Beacon 23: The Complete Novel

  • by Hugh Howey
  • Narrated by Ryan McCarthy
  • 6 hrs and 6 mins
  • Unabridged Audiobook

Publisher's Summary

This work contains the five Beacon 23 stories, originally released in serialized form.
For centuries, men and women have manned lighthouses to ensure the safe passage of ships. It's a lonely job, and a thankless one for the most part - until something goes wrong, until a ship is in distress.
In the 23rd century, this job has moved into outer space. A network of beacons allows ships to travel across the Milky Way at many times the speed of light. These beacons are built to be robust. They never break down. They never fail.
At least, they aren't supposed to.

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Customer Reviews

Most Helpful

Good, but not great.

Well, this is my second foray into Howey's writing. The first, of course, being the Silo series. I actually liked this book more. In fact a great deal more. It was more nuanced (for the vast majority of it), more... mature and developed.

While a compilation of 5 shorter stories, it wasn't as repetitive as other compilations I have read. Yes, there's a bit at the start of each new section, but not overly so. Hughey delves deeply into PTSD, loneliness, and forgiveness in this book. Yes, it was Sci-fi, but that is certainly not the driving thrust here, just the setting.

This book would have been a 4 or 5 star for me if he had left out the epilogue. It killed the nuance of the choice at the end to know which way things went and made it feel like he was pandering to the reader. Otherwise a very solid story and worth a read.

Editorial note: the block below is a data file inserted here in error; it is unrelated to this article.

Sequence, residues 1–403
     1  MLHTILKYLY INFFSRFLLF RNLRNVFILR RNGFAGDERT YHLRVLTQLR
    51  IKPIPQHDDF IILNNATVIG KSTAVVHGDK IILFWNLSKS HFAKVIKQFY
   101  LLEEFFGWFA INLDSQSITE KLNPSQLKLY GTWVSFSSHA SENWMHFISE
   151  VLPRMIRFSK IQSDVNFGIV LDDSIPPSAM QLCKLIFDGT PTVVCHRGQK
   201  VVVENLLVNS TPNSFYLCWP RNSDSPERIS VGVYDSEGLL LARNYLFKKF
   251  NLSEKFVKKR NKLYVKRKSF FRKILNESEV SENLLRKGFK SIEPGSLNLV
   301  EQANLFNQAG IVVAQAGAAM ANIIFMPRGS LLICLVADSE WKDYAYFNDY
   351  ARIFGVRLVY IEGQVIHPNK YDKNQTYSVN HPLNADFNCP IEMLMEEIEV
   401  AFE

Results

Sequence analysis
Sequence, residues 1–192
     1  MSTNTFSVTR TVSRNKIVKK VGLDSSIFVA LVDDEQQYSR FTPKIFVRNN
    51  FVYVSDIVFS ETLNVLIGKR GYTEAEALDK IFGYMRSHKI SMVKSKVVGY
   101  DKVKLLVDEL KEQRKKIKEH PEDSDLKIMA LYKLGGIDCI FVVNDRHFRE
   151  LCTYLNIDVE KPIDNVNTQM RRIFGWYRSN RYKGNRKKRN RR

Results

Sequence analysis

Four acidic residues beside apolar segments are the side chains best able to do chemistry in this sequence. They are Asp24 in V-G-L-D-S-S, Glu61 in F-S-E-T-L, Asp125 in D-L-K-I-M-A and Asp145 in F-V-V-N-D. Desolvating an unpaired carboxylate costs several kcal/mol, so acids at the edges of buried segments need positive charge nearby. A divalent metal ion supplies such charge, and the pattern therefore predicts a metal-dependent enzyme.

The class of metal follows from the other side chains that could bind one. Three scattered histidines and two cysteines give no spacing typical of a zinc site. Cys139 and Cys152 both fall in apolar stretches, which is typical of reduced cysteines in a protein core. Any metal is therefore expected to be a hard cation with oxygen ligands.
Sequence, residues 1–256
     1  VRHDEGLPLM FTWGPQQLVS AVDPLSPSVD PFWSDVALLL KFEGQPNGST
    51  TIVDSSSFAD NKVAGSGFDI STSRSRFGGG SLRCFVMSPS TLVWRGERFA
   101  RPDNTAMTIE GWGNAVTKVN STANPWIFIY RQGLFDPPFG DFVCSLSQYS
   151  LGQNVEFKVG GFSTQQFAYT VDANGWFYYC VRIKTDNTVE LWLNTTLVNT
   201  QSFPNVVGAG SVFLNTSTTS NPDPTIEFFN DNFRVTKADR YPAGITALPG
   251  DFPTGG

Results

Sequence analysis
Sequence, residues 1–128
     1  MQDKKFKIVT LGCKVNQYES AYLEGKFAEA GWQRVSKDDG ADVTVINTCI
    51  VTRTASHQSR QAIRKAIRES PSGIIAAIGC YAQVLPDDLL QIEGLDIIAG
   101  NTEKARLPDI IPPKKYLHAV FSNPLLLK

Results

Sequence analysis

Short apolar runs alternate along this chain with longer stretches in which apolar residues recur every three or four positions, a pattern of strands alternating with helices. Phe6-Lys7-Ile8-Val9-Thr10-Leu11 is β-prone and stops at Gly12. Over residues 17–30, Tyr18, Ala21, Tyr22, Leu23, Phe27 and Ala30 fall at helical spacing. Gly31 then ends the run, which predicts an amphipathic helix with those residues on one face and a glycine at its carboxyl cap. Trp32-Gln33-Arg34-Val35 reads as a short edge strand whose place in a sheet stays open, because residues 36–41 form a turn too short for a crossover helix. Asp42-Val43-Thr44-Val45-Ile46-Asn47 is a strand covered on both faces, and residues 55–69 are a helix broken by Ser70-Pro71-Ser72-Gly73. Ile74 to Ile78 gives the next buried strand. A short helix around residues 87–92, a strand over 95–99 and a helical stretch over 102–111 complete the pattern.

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- Charlie

Sanity and happiness are an impossible combination

Much like light houses in our current world, in the vase sea of space there are beacons to guide ships along safe passages. Digger is the man who monitors beacon 23; it is a lonely job with minimal contact with others. The problem is, spending that much time with only your dark thoughts as company can break a man, or make him crazy.

First, this is 5 stand alone stories compiled, therefore after listening to the first story all subsequent stories will re-introduce you to information you've already learned, making them a little redundant.

At the beginning I had to rewind a few times because the narrator was so intense that I almost felt overwhelmed and confused, and I was worried I was missing things. I grew to appreciate the intensity and commitment of Ryan McCarthy's interpretation of Digger; the narration was the thing that I enjoyed most about this book.

Since each story should stand alone I would expect it to be more eventful, but I found this omnibus to be anti-climactic. I'd never read a book by Hugh Howey before but I've heard a lot of great things and I was very excited for this book, but at the end I felt unimpressed and underwhelmed.

Conclusion: Very strong narration. Good character development through the first two stories, and some of the third but takes a turn after that. I don't think all of the stories are worth listening to, but I don't think it's a lost cause.
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- Claudia H

Book Details

  • Release Date: 10-20-2015
  • Publisher: Broad Reach Publishing